3 lanceNo Gravatar August 12, 2010 at 8:27 pm

I agree with Banana, and I made the same mistake…eventually I’ll get the concept that one must chose the answer that is MOST correct…


4 StephenNo Gravatar August 12, 2010 at 9:03 pm

Watch out on the exam, there are other questions dealing with small entity status where the answer would be C. If you rightfully claim small entity status and subsequently fall out of small entity status because you licensed ect….you are only required to pay the large entity status fees whenever your issue fees or maintenance fees come up. Basically, you get to keep the small entity status until the issue/maintenance fees are due. I believe this to be the case under the scenario.

This question is tricky because it asks you what happens if you claim small entity status when you weren’t entitled to it.


5 ELSNo Gravatar March 1, 2011 at 4:03 pm

Agreeing with Stephen. Specifically, in 509.03 under the heading VII. REMOVAL OF STATUS:

“Once small entity status is established in an application or patent, fees as a small entity may thereafter be paid in that application or patent without regard to a change in status until the issue fee is due or any maintenance fee is due.”


6 SolNo Gravatar April 1, 2012 at 7:57 pm

As a reminder, don’t forget a required notice in addtion to the fee

(2)Notification of loss of entitlement to small entity status is required when issue and maintenance fees are due.

7 SusanNo Gravatar August 13, 2010 at 12:45 am

I agree with Stephen. USPTO gives the benefit of the doubt to the filers that SE status was properly claimed. This question is for the situation where the status was mistakenly claimed.


8 BigbadvoododaddyNo Gravatar July 11, 2011 at 1:06 pm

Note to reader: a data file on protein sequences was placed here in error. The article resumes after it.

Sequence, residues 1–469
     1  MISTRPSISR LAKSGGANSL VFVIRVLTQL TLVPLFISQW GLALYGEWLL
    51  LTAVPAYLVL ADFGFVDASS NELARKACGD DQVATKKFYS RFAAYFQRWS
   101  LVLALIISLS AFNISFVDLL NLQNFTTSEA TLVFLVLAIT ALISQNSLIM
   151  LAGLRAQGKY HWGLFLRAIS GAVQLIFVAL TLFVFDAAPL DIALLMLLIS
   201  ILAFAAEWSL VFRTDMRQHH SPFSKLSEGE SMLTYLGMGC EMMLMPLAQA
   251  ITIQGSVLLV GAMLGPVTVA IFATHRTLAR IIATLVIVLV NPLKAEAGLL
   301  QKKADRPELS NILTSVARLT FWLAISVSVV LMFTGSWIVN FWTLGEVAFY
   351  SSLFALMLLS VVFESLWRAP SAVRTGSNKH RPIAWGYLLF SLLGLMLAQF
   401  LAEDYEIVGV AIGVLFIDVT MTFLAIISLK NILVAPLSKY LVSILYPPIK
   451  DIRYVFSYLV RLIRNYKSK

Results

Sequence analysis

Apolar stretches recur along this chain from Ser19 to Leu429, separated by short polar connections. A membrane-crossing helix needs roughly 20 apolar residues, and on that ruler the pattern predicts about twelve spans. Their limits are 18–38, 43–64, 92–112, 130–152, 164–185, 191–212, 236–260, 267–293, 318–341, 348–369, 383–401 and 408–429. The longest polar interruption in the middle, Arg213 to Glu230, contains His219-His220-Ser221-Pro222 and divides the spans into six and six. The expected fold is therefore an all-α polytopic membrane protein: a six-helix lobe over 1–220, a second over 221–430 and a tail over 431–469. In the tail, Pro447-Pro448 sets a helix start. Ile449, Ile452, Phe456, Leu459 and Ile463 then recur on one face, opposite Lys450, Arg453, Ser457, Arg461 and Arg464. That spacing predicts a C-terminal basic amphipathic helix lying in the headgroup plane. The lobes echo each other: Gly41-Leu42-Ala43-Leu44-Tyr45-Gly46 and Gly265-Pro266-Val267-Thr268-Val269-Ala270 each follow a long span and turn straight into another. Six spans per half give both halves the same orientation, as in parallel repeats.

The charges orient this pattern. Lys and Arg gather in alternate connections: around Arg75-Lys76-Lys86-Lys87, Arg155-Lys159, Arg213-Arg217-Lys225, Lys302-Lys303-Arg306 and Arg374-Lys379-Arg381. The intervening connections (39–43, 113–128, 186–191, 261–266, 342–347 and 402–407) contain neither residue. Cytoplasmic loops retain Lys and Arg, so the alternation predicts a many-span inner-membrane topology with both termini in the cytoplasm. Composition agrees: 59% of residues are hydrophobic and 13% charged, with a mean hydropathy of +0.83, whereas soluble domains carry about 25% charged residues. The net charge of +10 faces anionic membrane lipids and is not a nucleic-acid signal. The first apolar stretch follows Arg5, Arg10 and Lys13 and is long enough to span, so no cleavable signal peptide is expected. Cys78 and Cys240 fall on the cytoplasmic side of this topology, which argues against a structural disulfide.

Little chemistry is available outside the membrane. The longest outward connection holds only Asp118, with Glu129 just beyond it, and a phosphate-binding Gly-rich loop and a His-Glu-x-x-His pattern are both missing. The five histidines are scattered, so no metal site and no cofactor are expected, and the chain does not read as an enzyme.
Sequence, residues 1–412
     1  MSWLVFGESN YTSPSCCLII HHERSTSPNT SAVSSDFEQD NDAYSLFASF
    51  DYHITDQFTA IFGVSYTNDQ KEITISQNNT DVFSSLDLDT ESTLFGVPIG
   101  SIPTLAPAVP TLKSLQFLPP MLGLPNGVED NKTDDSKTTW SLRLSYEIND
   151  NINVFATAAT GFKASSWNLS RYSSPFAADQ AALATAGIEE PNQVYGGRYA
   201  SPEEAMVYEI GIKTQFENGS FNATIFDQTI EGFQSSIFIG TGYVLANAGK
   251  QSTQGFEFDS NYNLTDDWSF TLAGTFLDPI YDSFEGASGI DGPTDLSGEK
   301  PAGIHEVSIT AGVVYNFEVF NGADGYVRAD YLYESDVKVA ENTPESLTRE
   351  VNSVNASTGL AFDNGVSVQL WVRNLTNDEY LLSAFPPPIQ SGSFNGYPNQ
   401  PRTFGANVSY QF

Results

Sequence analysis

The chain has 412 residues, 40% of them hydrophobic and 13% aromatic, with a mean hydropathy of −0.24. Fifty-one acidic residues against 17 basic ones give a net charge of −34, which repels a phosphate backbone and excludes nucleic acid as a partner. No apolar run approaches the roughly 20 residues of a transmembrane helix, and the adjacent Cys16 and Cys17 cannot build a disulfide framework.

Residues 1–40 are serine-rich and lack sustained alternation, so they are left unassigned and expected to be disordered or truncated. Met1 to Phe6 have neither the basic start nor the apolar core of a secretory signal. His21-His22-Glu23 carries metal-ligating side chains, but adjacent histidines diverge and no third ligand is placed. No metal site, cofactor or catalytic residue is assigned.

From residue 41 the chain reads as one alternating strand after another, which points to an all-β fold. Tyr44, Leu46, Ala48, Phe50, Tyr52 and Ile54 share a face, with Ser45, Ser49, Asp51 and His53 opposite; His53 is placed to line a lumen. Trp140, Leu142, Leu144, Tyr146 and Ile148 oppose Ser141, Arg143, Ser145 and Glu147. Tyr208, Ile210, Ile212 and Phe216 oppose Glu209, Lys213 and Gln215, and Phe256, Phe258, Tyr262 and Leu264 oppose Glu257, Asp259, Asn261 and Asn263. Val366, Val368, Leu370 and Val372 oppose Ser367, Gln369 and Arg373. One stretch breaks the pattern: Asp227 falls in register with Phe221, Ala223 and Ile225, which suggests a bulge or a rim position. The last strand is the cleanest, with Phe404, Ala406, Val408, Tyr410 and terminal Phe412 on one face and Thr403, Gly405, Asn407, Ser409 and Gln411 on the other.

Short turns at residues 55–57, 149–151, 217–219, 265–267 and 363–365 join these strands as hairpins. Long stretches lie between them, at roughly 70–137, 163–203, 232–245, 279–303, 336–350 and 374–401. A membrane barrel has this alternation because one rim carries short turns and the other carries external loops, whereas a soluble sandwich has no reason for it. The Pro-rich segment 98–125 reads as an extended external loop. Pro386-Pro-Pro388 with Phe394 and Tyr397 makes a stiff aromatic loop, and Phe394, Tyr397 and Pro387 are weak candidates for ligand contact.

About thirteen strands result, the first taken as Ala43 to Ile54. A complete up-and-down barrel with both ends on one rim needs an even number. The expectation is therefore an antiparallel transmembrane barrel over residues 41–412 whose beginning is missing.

Here is a PLI question by J. White which caused some grief.
You decide:

Q: You have been asked to take over the prosecution docket of another attorney who has left your firm.
In reviewing one file you note that the issue fee was paid as a small entity. You know that the
application had in fact been assigned to IBM as part of a merger one month before the fee was paid,
although the formal assignment was not filed in the Office for recording until just after the fee was paid.
The previous attorney assures you by phone that she had no knowledge that the application was being
assigned at that time and that your call is the first time she heard of that assignment. You are now
required by PTO rules and practice to:
A. Do nothing since you did not make the mistake.
B. Cause payment to be made to the Office in the amount of the difference between what was paid
and what should have been paid.
C. File a statement in the PTO establishing that the fee was paid erroneously but in good faith, and
including payment in the amount of the deficiency.
D. File a Petition to the Commissioner together with an affidavit establishing that the fee was paid
incorrectly without deceptive intent.
E. Abandon the application.

ANSWER: (B) is the correct answer. See MPEP 509.03. The applicant should reimburse the PTO the
difference between the small entity amount and the large entity amount. No explanation of the mistake
is necessary.


9 jkpatentlawNo Gravatar June 16, 2012 at 6:17 pm

I mean I see the difference here. What I can say is this:
After having worked for attorneys, many times what manuals “say” you are “supposed to do” is different from what they “really do” in practice. It could just be that in practice, sending the deficiency is equivalent to a statement of the mistake “not being deceptive intent and initially made in good faith, etc…”
I don’t k now.


10 passedatlastNo Gravatar June 19, 2012 at 5:57 pm

6/19/12: Got this today, got it wrong.


11 addzNo Gravatar January 1, 2014 at 9:31 pm

What happens when it is not an error but you just want to change it. Ie I filed small entity and and I want to change it to large entity just in case the entity status changes at a later date.